Prior to founding the Cougar Conservancy, our Director Korinna Domingo co-led efforts with the Mountain Lion Foundation and the Center for Biological Diversity to list Southern and Central Coast mountain lions under the California Endangered Species Act. In April of 2020, these imperiled populations were granted temporary protected status.
Looking ahead, the Cougar Conservancy will be supporting this listing effort by engaging in the listing process at key intervals, galvanizing public support, building diverse coalitions, and generating supportive media.
Stay up to date with all the latest news. Visit the Center for Biological Diversity's web page.
The following sub-populations are being considered:
Map Credit: Figure ES-1 from the CESA Petition
After the California Fish & Game Commission (CFGC) received the CESA petition in June of 2019, the California Department of Fish & Wildlife (CDFW) prepared a petition evaluation report that included a recommendation on whether the petition contains sufficient scientific information to indicate that the petitioned action may be warranted. CDFW completed their petition evaluation report and recommended that the petition be accepted by the Commission.
After receiving CDFW’s petition evaluation report, the Commission decided at a public meeting on April 16, 2020 to accept the petition for consideration.
CDFW now begins preparing a peer-reviewed status report on the species that is based on the best scientific information available to CDFW. As a candidate for listing, mountain lions living in the proposed Evolutionarily Significant Unit (ESU) as proposed by petitioners are now a candidate species, and are temporarily afforded the same protections as a state-listed endangered or threatened species.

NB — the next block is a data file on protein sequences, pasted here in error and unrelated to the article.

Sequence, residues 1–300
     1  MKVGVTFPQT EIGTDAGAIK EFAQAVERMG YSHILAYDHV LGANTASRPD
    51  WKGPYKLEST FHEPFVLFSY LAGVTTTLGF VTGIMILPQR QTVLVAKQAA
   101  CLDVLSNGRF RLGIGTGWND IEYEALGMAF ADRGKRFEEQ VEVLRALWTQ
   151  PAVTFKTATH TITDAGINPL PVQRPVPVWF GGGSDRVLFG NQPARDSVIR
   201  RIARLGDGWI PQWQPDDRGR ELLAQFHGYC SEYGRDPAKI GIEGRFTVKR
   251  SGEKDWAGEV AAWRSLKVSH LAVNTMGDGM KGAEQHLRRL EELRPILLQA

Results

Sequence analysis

After CDFW’s status report is complete, the Commission must decide at a public meeting whether the petitioned action is warranted. If the Commission finds that the petitioned action is not warranted, the process ends, and the species will be removed from the list of candidate species. If the Commission finds that the petitioned action is warranted, the species will be added to the list of threatened or endangered species.
Learn more about the listing process on the California Department of Fish & Wildlife web page.
Whether it is testifying at a Commission meeting or sending in letters of support, we will keep you informed on how and when to engage in this historic listing decision.
All cougar photographs on this page are courtesy of the National Park Service.
Los Angeles, California, USA
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